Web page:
This brings me to my writing. I am like van Gogh. He painted, and I write. However, I am not concerned about selling my writings to a paper or publishing company. I have written for a paper in Dixon, IL for over a dozen years. Tom Shaw, a friend of mine, ran the paper for years. I sold my column to Tom's paper, which parallels van Gogh's selling his first painting to a friend. Tom Shaw was politically conservative but wanted his readers to read what a liberal thought. Thanks again, Tom.
While I would like to write an op-ed column for a newspaper or a book, that is not my driving force in life. What drives me is that I want to change the world. Talk about hubris.
For example, being Scottish, I spent a year doing post-graduate work at the University of Edinburgh 45-year ago. I returned to Scotland last spring nearly a half century after being there the first time. I wanted to research the Scottish independence movement. While I love Scotland, many Scots are not as driven about their own independence movement as I am.
During the past winter break from teaching, I went to Myanmar, which is emerging slowly as a nation addressing human rights issues. I returned from Myanmar a different person. I have written many article about seeing the light while in that country.
Ukraine is in the news very day, and every day seems bleaker than the day before. Czar Putin is attempting to reassemble the old Soviet Union. How many of the old Soviet states want to return to the days of Stalin, Khrushchev, and Brezhnev? Putin is driven like his predecessors. My entire life, with the exception of the interregnum period of Gorbachev and Yeltsin, has been spent worrying about the trigger-happy Soviet leaders. Therefore, I have written about it, traveled to some countries in the old Soviet bloc, and taught about it in college history classes.
Now, at 71, I look back upon the issues for which I had worked during the past half century, and I look forward to the needed changes politically and socially. Nevertheless, I share van Gogh's question, is all my work worth the effort? I paint the need for change by writing articles and interviewing people. However, what is my legacy? In about 4-mouths, Scotland is going to vote on the issue of independence. Can I really influence them from Crown Point, IN? Myanmar is edging its way to a fairer and more open society, but they have miles to go to reach that destination. Ukraine is facing a Russian invasion by a wannabe czar named Putin. Will all these articles and efforts affect change?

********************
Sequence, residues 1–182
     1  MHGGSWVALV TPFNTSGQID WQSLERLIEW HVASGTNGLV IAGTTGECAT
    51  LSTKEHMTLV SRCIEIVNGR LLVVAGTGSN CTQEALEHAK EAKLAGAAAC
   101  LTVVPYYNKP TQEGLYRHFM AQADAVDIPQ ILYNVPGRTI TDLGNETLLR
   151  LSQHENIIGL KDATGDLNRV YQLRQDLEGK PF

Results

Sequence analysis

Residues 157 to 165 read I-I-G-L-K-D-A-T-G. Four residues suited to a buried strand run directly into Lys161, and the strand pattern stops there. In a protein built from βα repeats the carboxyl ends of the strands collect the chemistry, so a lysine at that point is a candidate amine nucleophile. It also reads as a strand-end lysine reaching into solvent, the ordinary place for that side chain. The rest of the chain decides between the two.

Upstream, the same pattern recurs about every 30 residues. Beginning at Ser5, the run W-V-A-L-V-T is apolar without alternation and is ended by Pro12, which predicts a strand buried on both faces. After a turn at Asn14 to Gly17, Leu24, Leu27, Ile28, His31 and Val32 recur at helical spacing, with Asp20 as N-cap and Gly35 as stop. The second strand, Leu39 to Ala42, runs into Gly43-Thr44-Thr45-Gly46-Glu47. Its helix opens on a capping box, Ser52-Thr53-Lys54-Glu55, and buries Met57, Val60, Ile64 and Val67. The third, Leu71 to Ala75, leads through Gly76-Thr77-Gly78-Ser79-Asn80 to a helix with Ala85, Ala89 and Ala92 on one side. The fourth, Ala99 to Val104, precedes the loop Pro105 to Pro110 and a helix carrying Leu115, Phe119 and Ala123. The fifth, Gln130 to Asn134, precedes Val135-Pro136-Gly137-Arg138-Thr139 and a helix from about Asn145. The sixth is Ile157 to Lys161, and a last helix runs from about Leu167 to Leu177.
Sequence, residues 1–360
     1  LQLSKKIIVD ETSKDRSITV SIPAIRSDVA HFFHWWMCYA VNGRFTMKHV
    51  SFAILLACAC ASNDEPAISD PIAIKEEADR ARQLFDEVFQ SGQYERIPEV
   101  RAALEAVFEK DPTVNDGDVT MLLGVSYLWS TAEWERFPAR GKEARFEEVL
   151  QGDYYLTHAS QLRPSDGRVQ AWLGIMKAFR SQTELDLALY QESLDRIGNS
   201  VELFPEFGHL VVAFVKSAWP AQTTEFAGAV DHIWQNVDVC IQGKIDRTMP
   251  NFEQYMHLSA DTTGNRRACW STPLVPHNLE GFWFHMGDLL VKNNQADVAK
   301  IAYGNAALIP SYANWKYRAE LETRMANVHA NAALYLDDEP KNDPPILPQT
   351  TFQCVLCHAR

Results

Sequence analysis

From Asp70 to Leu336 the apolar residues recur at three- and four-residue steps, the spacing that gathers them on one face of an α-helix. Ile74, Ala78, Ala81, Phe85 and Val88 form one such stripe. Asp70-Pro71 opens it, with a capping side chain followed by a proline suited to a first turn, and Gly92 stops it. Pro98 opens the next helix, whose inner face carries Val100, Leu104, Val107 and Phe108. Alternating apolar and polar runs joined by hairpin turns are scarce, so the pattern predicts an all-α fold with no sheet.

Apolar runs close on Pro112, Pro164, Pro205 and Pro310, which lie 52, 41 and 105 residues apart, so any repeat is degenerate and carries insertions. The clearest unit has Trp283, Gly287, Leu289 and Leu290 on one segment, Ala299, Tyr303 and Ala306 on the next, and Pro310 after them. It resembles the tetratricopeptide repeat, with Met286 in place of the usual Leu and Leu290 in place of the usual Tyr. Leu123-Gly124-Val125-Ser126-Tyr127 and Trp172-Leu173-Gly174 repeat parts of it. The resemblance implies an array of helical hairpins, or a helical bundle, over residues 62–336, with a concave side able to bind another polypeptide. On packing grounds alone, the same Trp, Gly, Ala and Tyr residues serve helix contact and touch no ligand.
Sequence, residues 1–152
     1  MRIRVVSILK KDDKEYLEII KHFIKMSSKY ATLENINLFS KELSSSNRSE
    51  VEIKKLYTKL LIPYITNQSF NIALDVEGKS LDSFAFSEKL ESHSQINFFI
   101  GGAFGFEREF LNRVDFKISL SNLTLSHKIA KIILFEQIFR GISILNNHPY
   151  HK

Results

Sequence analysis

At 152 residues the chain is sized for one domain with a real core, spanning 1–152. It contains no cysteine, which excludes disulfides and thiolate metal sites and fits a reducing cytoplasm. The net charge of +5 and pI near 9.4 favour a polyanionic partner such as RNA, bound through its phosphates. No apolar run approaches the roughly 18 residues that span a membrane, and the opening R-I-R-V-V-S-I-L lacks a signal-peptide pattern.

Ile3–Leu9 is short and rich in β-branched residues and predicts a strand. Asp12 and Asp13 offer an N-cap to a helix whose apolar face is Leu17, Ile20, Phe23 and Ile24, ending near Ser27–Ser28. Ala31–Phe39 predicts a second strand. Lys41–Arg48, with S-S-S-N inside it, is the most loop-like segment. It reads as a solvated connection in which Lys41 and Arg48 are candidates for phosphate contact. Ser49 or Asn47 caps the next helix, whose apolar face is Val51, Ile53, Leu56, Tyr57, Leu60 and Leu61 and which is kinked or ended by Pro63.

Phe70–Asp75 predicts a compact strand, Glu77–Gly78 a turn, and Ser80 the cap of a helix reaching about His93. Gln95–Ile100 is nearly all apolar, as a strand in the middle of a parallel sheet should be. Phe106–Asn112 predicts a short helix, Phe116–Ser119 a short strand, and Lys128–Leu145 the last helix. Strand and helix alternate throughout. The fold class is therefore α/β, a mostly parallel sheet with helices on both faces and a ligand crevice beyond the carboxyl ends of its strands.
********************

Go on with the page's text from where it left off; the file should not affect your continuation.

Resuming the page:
Biko has helped me connect the dots. I stood in front of van Gogh's painting, Starry Night in awe and amazement. So also has everyone else who has seen it.
That single painting has inspired every person that has ever seen it...from the artists of the world and those without any talent. Van Gogh lifted the hearts and minds of millions of people from just that one painting. Moreover, nearly a thousand others inspired people throughout the world.
Van Gogh in a letter to Theo wrote, "But I'm sure I am right to think that it will come in a later generation, and it is up to us to do all we can to encourage it, without question or complaint." (Van Gogh Gallery) Van Gogh's sentence parallels Biko's comment about his legacy.
Now, the dots came together with Biko, van Gogh, and me. To paraphrase Biko, I would rather die painting a picture in writing that will live than to waste my time doing nothing of meaning that will be forgotten.
I have written about teaching art history to Jack and now his brother, Owen. Jack recognizes several dozen paintings by Turner, Monet, Chagall, Rembrandt, Vermeer, and van Gogh. Jack, who is going on 4-years old, can differentiate between the two Starry Nights painting. Owen, who is soon to be 2-years old, loves van Gogh's Langlois Bridge at Arles with Women Washing.
Wouldn't Biko and van Gogh enjoy returning to see what their efforts in this world have created? Therefore, I will continue to write and travel...and write even more.
Visit the Burma Independence page to read more about this topic.
Visit the Scottish Independence page to read more about this topic.
Visit the Ukraine page to read more about this topic.
Visit the On Seeing the Light page to read more about this topic.
Visit the Connecting the Dots page to read more about this topic.
Visit The Mentors and Me page to read more about this topic.